The goals of nuclear physics are to understand:
- how simplicity emerges from complexity
- the origin of the elements in the universe
- the fundamental particles of nature and their interactions

Nuclear theory divides into several major methods:
- Ab-initio
- Configuration Interaction (CI)
- Energy Density Functional (EDF)
- Collective
- Cluster
- Reaction and Time Dependent

With these methods, most properties of all nuclei can be understood with varying degrees of accuracy. The theory group at the NSCL has expertise in all of these theoretical methods. Collaboration among the members of group and with the experimental program at the NSCL provide the resources and interactions needed to make advances toward the overall goals of nuclear physics.

One of the major uncertainties lies in the properties of the nuclei far from stability. This unknown region is shown by the orange area in the figure. The neutron drip line is where the orange area stops to the right. The other colors indicate the known energies of the 2+ states for the even-even nuclei with low to high values indicated by purple-blue-aqua-green-yellow-orange-red. The high energies and ridges are due to the spherical properties that come from nuclear magic numbers shown by the grey lines at neutron and protons numbers 8, 20, 28, 50, 82 and 126. Nuclei inside the ovals in the figure require collective methods for their understanding. In these regions most of the nucleons move coherently. The region outside of the ovals can be considered by the CI method. In these regions the structure for the lowest-lying states is dominated by the properties of a few single-particle orbitals and their interactions. In the following I will gives some examples of the CI method in collaboration with experiment [1] and in collaboration with other methods.

Many experiments at the NSCL are designed to find new nuclei and their properties in the unexplored regions of the nuclear chart. Theory and experiment collaborate before an experiment to determine the best possible measurements for improving the applicable theoretical methods. After the experiment, theory and experiment again collaborate to understand the outcome and its consequence for improving the models and methods.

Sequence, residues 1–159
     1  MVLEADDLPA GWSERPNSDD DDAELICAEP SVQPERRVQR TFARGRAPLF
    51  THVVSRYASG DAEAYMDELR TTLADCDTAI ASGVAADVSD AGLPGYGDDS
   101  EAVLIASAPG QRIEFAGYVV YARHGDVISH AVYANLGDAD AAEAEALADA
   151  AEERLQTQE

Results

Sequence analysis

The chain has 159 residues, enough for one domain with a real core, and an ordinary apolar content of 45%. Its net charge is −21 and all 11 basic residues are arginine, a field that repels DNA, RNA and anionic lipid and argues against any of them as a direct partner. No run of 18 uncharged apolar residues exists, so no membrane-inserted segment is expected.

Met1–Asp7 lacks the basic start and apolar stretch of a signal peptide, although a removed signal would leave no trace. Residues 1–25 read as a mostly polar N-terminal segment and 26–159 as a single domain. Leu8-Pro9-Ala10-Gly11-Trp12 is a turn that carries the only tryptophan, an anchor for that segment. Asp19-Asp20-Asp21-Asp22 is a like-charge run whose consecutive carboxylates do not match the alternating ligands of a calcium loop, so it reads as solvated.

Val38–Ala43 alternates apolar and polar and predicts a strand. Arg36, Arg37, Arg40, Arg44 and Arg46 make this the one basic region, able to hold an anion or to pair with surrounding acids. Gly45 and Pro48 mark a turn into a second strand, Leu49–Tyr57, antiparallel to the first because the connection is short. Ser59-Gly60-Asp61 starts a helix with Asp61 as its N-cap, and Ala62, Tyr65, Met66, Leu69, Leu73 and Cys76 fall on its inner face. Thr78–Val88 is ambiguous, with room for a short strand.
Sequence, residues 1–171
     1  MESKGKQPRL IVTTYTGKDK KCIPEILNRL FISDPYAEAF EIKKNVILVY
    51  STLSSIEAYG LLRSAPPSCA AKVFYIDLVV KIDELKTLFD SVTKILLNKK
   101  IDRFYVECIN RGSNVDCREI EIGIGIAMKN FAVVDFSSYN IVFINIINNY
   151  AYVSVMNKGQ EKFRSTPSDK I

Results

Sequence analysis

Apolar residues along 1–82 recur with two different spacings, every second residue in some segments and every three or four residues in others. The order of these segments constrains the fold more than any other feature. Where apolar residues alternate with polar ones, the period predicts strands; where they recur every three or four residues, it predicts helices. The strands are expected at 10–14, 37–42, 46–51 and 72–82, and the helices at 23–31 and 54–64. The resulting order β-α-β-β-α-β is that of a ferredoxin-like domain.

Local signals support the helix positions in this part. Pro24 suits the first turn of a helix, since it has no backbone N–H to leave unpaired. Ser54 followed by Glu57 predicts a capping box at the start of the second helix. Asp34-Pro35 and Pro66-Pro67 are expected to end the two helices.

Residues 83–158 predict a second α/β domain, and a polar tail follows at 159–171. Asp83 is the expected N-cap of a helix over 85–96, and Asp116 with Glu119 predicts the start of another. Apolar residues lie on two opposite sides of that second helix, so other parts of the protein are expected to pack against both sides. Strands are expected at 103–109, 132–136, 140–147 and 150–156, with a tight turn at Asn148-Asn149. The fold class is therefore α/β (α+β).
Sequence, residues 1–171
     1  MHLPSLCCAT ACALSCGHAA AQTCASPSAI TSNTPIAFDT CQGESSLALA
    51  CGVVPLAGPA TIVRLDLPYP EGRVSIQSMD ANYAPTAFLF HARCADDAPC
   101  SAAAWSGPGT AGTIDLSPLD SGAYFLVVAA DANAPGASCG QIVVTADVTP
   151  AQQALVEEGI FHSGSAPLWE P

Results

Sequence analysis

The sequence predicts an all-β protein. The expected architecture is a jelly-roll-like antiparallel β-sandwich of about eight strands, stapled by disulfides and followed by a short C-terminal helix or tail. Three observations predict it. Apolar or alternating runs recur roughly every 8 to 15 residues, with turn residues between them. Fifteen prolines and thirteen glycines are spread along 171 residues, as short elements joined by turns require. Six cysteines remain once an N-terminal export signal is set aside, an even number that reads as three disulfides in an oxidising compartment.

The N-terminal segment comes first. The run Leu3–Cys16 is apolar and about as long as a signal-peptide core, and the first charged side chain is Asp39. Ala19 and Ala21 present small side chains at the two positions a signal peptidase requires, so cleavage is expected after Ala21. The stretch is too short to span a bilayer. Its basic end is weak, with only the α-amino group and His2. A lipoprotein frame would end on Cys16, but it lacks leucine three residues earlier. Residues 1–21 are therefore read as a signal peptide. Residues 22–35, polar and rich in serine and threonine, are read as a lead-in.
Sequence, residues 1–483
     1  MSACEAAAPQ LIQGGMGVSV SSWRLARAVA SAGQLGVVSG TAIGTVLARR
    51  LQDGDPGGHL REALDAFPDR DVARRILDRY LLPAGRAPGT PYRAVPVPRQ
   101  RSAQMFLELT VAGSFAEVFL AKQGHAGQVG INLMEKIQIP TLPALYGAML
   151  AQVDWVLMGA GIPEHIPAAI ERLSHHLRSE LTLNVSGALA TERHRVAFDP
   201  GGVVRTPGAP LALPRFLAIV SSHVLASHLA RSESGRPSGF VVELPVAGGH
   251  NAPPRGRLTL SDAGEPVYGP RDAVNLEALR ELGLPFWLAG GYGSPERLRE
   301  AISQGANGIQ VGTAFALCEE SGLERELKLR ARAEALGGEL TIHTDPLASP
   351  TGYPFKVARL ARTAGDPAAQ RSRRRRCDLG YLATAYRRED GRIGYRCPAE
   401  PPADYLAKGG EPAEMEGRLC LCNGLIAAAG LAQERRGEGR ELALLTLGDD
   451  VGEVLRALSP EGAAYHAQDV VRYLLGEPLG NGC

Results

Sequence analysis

For example, CI theory for the sd shell predicted properties of nuclei near the neutron drip line in the oxygen isotopes. Many of these have been verified. But other results show the need to go beyond the sd shell in terms of including higher-energy orbitals and coupling to the continuum. [2] Future experiments will consider, for example, neutron-rich nuclei near the islands of inversion [3] , the regions 60Ca, 78Ni and 100Sn. The unknown properties of the single-particle degrees of freedom are most transparent in these regions near these potentially double-magic nuclei.

Other experiments are designed to explore uncertain aspects of nuclear resonances at high excitation energy. For example, the 56Ni to 56Cu charge-exchange reaction revealed the properties of the Gamow-Teller resonance that constrained the pf shell Hamiltonian. This constraint improves the theoretical electron capture rates used for electron capture in supernovae [4].

Even in well studied regions of the nuclear chart all theoretical methods have limitations. For example, the theoretical uncertainty for binding energies and low-lying excitation energies ranges from about 150 keV for the CI method to about one MeV for the EDF method. However, there are some astrophysical rates that require an energy precision of 10 keV or less. The goal of some experiments is to measure the required energy precisely. Collaboration with theory is often required to provide the decay properties of these levels for the rate. A recent example is the 57Cu(p,gamma)58Zn reaction rate that determines the rp-process flow through this mass region. [5].

The CI method usually starts from some ab-initio input. Up until recently a major problem has been the unknown three-body interactions that has resulted in the need for significant phenomenological adjustments. A major advance in the last decade has been the development of better ab-initio methods that include the three-body interaction. This new starting point will result in significant improvements in the CI methods over the next decade. Ab-initio methods can also be used to constrain the parameters of the EDF models, in particular, for the neutron equation of state and the related symmetry energy. [6] Another example for collaboration between methods is in the use of EDF models to constrain the single-particle and monopole part of the CI Hamiltonians. [7]


[1] NSCL experimental collaborations link to publications

[2] Oxygen Isotopes Beyond the Neutron Drip Line [link to webpage]

[3] Islands of Shell Breaking [link to webpage]

[4] Gamow-Teller Transition Strengths from 56Ni M. Sasano et al., Phys. Rev. Lett. 107, 202501 (2011). [link to paper]

[5] Determining the rp-Process Flow through 56Ni: Resonances in 57Cu(p,g)58Zn Indentified with GRETINA, C. Langer et al. Phys. Rev. Lett. 113, 032502 (2014). [link to paper]

[6] The Neutron Equation of State [link to webpage]

[7] Configuration Interactions Constrained by Energy Density Functionals [link to webpage]